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Tuesday, July 23, 2024

Warholm crowned his battle for gold

Karsten Warholm, a 21-year-old comet from the coastal town of Ulsteinvik, made Norwegian history Wednesday night when he won a gold medal at the track and field World Championships in London. Warholm beat the reigning Olympic champion in front of 60,000 cheering fans including his mother.

Karsten Warholm celebrated his World Championship victory draped in a Norwegian flag and wearing a plastic Viking helmet. PHOTO: NRK screen grab

Warholm celebrated by wandering around the track in pouring rain, adorned by a Norwegian flag and plastic Viking helmet. Corny as it was, the young World Champion instantly became Norway’s “new, perfect hero,” in the words of newspaper Dagbladet. It was the first time a Norwegian athlete had won a medal in a track and field race at the World Championships since Vebjørn Rodal’s bronze in the 800 meters 22 years ago.

The country’s new champion appeared alternately jubilant and dazed by his victory. “This feeling,  I can’t manage to describe it,” he told Norwegian Broadcasting (NRK). “It’s completely crazy. There was so much support. Things have just gone so well. And now we’re standing here. I don’t know what to say, it’s completely amazing.”

Warholm, still wearing the plastic horned helmet while talking live on national TV, composed himself enough to note that “I have worked hard for this, it’s the world’s best feeling.” And then he remenbered that many fans, friends and family members were watching back home in the scenic county of Møre og Romsdal. Staring directly into the TV camera, he exclaimed: “I have to greet everyone back home in Ulsteinvik. You are all fantastic. I love you!”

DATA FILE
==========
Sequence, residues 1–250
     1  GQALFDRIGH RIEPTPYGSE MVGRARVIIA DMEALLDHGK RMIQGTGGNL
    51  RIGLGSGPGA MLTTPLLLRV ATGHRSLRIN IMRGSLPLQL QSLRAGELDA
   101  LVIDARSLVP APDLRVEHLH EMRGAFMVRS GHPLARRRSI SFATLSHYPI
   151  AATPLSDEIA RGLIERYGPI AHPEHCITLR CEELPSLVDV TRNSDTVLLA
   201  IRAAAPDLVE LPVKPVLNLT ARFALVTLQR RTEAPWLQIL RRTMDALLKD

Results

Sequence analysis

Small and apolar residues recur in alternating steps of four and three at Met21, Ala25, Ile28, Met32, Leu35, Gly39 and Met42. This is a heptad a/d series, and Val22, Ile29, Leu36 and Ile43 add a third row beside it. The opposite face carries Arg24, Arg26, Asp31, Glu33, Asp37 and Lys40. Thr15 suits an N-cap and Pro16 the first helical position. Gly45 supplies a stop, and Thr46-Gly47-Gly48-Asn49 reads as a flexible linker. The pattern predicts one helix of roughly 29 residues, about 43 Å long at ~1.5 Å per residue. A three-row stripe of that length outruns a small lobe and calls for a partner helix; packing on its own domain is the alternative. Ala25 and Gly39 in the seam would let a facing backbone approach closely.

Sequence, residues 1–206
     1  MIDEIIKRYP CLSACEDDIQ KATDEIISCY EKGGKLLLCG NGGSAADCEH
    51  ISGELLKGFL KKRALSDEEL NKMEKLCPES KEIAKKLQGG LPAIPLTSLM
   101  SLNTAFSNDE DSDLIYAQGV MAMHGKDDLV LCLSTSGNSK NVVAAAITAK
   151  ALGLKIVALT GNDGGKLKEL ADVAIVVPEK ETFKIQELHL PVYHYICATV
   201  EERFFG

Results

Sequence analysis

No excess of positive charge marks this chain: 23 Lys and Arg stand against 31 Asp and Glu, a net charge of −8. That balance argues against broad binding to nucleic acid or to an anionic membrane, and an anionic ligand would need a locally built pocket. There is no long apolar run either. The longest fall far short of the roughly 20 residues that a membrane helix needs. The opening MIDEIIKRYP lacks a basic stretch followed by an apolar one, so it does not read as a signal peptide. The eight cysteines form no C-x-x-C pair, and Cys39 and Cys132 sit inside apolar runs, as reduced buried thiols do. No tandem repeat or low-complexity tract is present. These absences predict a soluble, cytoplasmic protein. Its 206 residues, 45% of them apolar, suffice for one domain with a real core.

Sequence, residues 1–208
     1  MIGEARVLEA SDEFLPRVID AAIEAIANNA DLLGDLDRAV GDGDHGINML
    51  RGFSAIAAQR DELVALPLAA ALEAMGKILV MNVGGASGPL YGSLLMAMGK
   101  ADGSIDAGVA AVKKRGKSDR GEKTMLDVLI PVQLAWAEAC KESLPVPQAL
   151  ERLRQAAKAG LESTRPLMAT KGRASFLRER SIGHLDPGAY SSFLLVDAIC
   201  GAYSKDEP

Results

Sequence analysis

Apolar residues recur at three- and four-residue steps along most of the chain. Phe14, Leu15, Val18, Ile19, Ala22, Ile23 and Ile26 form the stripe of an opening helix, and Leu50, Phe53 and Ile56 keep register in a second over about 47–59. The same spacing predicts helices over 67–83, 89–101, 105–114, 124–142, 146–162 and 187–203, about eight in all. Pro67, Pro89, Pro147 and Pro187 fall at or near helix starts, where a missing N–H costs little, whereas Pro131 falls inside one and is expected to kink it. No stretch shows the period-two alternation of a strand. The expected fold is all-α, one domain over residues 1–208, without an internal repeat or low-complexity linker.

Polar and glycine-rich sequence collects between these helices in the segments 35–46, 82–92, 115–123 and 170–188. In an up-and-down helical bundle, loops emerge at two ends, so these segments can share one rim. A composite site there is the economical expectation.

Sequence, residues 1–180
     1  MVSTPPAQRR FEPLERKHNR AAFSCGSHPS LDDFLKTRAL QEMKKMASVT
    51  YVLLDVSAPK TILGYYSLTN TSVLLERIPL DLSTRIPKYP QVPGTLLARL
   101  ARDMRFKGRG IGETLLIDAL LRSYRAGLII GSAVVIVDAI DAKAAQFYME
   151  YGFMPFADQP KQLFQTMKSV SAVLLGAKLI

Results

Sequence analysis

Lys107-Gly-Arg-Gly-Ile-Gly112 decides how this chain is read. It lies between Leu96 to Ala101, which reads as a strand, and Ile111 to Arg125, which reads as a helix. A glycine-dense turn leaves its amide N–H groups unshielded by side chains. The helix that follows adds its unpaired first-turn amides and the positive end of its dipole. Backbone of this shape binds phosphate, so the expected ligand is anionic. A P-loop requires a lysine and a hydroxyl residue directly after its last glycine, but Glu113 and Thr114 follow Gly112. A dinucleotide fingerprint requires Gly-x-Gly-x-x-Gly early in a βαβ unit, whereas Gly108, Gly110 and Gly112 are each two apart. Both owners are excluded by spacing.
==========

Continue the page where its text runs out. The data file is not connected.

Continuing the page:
Warholm was out in front heading for the finish line in the Men’s 400-meter hurdles at the World Championships in London, followed by Kerron Clement of the US and Yasmani Copello of Turkey. PHOTO: NRK screen grab

He ran the 400-meter hurdle race in 48.35 seconds, just ahead of Yasmani Copello of Turkey (48.49) and last year’s Olympic gold-medal winner Kerron Clement  of the US (48.52). Clement had been favoured and Warholm had earlier told NRK that Clement had barely acknowledged him during preliminary competition leading up to Wednesday’s final. Warholm’s coach, Leif Olav Alnes, said it could have been just “mind games” on the part of Clement.

“That doesn’t work on us,” Alnes told NRK on Tuesday. “We don’t operate with mind games, we don’t need that.” Clement later told reporters he thinks he’s still the world’s best hurdler, and partially blamed his loss to Warholm on the rain that poured down on the championship competition all evening in London.

Alnes and Warholm, meanwhile, have had a great season so far, with Warholm also winning Diamond League events in Oslo and Stockholm. His personal record in the 400 meter hurdles is 48.25, even better than what he did in London. On Wednesday, Alnes said he was impressed by Warholm, and very proud.

Karsten Warholm realizes that he’d won the World Championship in London. Behind him in the photo and the race is the reigning Olympic champion, Kerron Clement of the US, whom Warholm beat. PHOTO: NRK screen grab

“We couldn’t get a better result” than World Championship gold, Alnes told NRK after the race was run in the pouring rain and, for summer in London, cool temperatures. Alnes said it “was just like a good Norwegian summer day.”

Back in Norway, which has been hit by heavy rain much of this past summer, members of the local athletics organization and his relatives were crying tears of joy. So was his family in the grandstands and Warholm himself.

“I haven’t understood this yet,” he told NRK. “It feels like I’ve seen a ghost, it’s just too much, too much.”

Warholm won praise from former racer Rodal, who claimed Warholm “did everything right” in the race and from his mentor and sports hero Andreas Thorkildsen, who won several Olympic and World Championship medals as a javelin thrower.

“I’m so proud, so proud,” Thorkildsen said. “He has grown to such a degree this year. There’s something very deep here when he does such a good job. I think he’s too young to really understand how well he has done.” Berglund



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